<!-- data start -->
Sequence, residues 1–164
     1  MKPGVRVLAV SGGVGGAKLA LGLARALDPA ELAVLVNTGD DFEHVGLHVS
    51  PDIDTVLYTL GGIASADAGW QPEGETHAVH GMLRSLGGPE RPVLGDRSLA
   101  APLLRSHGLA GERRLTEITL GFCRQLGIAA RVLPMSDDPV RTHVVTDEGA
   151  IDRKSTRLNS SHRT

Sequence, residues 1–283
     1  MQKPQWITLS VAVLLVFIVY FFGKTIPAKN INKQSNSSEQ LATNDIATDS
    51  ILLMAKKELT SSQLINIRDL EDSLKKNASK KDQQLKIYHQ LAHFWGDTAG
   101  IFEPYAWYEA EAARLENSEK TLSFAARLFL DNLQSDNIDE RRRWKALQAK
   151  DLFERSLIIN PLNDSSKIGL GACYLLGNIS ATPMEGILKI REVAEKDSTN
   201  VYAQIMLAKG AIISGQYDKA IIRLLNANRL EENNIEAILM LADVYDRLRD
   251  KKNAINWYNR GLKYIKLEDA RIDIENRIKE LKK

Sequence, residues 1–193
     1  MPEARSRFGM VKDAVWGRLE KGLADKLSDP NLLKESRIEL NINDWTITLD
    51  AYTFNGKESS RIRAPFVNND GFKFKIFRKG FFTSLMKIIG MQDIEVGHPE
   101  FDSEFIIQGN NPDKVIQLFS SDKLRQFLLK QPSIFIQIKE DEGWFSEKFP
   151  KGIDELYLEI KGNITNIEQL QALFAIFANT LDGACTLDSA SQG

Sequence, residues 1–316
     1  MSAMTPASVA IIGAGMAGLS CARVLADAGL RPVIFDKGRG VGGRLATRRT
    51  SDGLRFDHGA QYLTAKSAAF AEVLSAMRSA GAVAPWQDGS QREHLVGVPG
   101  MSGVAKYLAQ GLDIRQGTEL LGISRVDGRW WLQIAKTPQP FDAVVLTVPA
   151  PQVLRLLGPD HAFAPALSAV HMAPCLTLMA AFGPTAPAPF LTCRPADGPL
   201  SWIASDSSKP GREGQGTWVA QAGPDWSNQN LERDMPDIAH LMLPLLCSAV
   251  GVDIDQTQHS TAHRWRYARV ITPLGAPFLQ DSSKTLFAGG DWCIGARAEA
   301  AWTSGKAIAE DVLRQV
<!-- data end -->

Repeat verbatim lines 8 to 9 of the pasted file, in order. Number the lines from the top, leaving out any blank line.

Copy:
    51  ILLMAKKELT SSQLINIRDL EDSLKKNASK KDQQLKIYHQ LAHFWGDTAG
   101  IFEPYAWYEA EAARLENSEK TLSFAARLFL DNLQSDNIDE RRRWKALQAK